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Prop. 73 Backers Try to Revive Law : Politics: State Supreme Court might fix wording, reinstate campaign-finance law.

March 11, 1994|ERIC BAILEY | TIMES STAFF WRITER

SACRAMENTO — Backers of Proposition 73, a successful 1988 state ballot measure that limited campaign contributions in state and local elections but was later struck down by federal courts, have launched an effort to revive the law.

Assemblyman Ross Johnson (R-Placentia) and state Sen. Quentin L. Kopp, an independent from San Francisco, are planning to file legal papers Monday asking the California Supreme Court to correct any unconstitutional provisions and reinstitute the measure.

"There's precedent for the court going in and modifying ballot measures to clear up constitutional questions and fulfill the wishes of the voters," Johnson said Thursday. "We intend to ask them to do just that."

The bulk of Proposition 73 was declared unconstitutional in a February, 1992, final ruling by the U.S. 9th Circuit Court of Appeals. The appeals court ruled that the measure discriminated by favoring incumbents because its contribution limits--$1,000 for individuals and businesses and $5,000 for political action committees--were based on a fiscal year instead of an election cycle.

Since challengers usually don't decide to run until a few months before an election, the appeals court declared, incumbents would have an advantage under Proposition 73 to build up large campaign war chests by tapping contributors several times in the years before an election. They suggested that the law instead should have been based on an election cycle, meaning a donor could give up to the limit only one time before election day.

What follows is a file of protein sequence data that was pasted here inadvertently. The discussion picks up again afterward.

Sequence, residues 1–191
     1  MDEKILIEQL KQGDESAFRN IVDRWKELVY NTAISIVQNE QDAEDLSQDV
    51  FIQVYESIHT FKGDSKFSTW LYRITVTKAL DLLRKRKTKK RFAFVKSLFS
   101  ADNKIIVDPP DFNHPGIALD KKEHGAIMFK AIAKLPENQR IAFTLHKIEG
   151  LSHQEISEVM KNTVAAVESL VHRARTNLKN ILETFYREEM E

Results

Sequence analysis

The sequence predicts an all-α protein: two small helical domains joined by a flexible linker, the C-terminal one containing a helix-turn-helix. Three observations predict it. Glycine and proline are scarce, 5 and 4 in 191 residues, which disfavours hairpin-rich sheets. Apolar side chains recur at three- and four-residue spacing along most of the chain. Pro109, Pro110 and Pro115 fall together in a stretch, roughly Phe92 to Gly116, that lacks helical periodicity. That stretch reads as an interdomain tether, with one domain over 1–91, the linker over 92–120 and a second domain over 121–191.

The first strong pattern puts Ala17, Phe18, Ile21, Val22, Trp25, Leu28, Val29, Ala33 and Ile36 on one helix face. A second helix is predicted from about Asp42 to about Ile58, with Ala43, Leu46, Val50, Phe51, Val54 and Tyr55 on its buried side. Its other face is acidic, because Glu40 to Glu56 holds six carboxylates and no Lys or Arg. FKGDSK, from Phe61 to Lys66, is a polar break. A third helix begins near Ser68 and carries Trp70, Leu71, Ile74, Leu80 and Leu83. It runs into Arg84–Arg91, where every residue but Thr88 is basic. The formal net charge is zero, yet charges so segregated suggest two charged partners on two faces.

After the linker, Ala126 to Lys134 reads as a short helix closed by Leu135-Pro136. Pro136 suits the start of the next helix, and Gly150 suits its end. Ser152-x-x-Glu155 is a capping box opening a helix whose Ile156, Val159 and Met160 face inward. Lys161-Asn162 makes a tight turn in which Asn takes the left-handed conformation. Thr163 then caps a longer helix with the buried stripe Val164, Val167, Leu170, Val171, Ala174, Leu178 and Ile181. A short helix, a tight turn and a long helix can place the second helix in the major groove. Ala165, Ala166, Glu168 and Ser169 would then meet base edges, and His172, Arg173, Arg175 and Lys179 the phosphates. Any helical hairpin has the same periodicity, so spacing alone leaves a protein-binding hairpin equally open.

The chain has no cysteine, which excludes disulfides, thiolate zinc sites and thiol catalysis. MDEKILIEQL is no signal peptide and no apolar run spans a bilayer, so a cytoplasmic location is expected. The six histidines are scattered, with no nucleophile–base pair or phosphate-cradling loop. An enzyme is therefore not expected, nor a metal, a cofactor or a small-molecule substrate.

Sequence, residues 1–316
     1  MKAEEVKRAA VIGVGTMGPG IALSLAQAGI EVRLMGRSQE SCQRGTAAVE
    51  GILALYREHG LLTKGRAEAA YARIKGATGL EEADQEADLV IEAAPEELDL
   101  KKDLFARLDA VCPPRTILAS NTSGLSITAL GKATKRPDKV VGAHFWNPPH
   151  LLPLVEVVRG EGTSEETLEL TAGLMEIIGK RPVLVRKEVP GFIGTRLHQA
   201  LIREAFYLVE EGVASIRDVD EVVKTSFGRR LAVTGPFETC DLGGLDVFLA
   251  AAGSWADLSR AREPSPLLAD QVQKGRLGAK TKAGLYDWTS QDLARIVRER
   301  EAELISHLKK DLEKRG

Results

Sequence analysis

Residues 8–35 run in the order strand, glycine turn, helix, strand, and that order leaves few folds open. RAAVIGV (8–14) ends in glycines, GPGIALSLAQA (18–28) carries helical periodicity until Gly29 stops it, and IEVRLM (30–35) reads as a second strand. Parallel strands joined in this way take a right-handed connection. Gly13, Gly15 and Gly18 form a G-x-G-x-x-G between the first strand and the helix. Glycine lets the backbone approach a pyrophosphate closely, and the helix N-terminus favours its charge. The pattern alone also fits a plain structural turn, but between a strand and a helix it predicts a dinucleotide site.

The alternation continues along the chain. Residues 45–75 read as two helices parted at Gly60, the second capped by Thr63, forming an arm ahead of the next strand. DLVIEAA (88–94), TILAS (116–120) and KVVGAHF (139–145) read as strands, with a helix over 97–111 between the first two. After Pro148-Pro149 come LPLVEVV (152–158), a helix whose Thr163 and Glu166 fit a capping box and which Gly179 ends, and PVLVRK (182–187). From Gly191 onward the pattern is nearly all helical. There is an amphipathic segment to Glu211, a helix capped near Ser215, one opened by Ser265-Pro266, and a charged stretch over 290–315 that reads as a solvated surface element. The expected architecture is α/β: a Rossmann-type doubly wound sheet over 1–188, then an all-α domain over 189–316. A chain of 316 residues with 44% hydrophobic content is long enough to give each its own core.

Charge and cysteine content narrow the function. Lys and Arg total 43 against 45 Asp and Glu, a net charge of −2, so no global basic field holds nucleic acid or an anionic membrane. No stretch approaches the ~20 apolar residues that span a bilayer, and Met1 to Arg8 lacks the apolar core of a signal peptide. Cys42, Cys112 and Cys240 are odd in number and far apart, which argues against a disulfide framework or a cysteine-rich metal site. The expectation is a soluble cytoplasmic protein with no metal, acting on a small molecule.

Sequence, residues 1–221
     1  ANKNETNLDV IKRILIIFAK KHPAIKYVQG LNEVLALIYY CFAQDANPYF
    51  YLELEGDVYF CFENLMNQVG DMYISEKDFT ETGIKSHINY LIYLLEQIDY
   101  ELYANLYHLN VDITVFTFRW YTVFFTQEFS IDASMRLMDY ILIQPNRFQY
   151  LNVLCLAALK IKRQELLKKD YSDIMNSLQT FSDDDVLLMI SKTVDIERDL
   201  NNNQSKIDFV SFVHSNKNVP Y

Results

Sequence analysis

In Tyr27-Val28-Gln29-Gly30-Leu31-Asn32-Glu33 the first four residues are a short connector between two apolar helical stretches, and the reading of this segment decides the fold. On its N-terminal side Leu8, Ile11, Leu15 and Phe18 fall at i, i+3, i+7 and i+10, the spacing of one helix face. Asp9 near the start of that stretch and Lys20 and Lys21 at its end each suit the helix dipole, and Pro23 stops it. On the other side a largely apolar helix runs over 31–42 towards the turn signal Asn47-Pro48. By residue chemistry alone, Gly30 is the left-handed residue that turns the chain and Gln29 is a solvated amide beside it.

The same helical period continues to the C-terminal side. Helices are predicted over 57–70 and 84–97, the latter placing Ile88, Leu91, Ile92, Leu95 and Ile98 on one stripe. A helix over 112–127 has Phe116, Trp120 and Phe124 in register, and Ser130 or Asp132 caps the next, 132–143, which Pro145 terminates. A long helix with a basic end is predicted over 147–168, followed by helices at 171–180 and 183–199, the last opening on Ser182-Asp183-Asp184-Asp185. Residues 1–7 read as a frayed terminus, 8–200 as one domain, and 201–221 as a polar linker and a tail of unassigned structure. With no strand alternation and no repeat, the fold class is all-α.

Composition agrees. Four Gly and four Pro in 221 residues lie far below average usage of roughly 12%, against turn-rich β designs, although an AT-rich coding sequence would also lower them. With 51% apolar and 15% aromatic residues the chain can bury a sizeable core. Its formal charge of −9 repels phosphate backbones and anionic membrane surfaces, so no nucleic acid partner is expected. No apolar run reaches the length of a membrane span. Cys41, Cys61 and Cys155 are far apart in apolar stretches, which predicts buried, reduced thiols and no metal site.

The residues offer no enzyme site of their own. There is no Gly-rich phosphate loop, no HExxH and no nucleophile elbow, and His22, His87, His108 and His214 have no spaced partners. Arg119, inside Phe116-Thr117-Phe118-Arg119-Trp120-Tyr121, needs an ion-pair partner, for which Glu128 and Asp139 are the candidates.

Johnson still disagrees with the ruling, but said he and Kopp believe the state Supreme Court can easily fix any flaws in the law--and that the justices have suggested they would be willing to do it.

Chief Justice Malcolm Lucas said in a December ruling on a related case that the constitutional questions underlying the rejection of Proposition 73 are matters of state law. In a footnote to the written opinion, Lucas said "one can only wonder" why backers of Proposition 73 had not asked the state Supreme Court to step in. Problems with the measure, Lucas said, "are arguably susceptible to a construction by the state's highest court that repairs any constitutional infirmity."

In other words, the chief justice was suggesting that the state Supreme Court might be able to fix it.

"You couldn't have a more direct invitation," Johnson said. "Clearly they have the power to recast the language of the measure to remove any problems and effectuate the intent of the voters."

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Some participants in the fight for campaign-finance reform welcomed news of the effort by Johnson and Kopp, who co-authored Proposition 73.